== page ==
Wedding bands are an iconic symbol of a bride and groom’s unconditional love to one another. Because they are designed in a complete loop that never ends, it’s said to mirror the couple’s love. While most people are familiar with the modern-day symbolism of wedding bands, there’s a hidden history that remains relatively unknown. To learn more about wedding bands and how they came to be, keep reading.

The truth is that no one really knows when or where wedding bands originated. However, historians have identified some of the earliest examples in ancient Egypt, dating back some 3,000 yeas ago. Old papyrus scrolls support this belief, indicating that rings made of braided hemp, reed or similar plant material were exchanged between the bride and groom during weddings. Much like our society today, the ancient Egyptians viewed the circle of a wedding band as a symbol of eternity; thus, the band symbolizes the couple’s undying love for one another. Even back then, the general tradition was to place the wedding band on the middle finger of the left hand – a practice that’s still largely followed to do this way.

So, why did Egyptians choose this digit out of all ten fingers? Well, this traditional is attributed to Egyptian belief. The ancient Egyptians believed the middle finger of the left hand had a special vein running to the heart. And being that marriages were all about love, it only made sense to use designate this finger as the wedding band finger.Of course, the tradition of wedding bands has evolved over the years,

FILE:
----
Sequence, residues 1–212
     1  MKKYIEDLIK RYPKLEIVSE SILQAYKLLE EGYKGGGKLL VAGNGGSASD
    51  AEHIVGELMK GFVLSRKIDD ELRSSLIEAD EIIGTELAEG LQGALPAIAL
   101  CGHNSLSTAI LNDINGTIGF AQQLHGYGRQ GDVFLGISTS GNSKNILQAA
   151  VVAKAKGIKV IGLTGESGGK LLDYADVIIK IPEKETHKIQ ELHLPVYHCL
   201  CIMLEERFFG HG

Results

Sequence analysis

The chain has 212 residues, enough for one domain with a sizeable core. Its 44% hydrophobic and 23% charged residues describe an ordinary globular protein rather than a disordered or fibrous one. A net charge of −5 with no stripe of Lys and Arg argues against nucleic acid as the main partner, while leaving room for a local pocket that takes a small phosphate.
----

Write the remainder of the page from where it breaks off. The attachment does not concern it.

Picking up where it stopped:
Up until the 20th century, only a single wedding band was used in weddings, which was given by the groom to the bride. When the 1900s rolled around, jewelery companies in the United States launched an aggressive marketing campaign to encourage “double-ring ceremonies.” As the name suggests, this involves both the bride and groom receiving a wedding band. The first marketing campaign of this tactic failed, however, and it wasn’t until the 1920s when a more successful campaign was launched. Fast forward to the 1940s and double-ring ceremonies accounted for approximately 80% of all U.S. weddings, compared to just 15% prior to the Great Depression.

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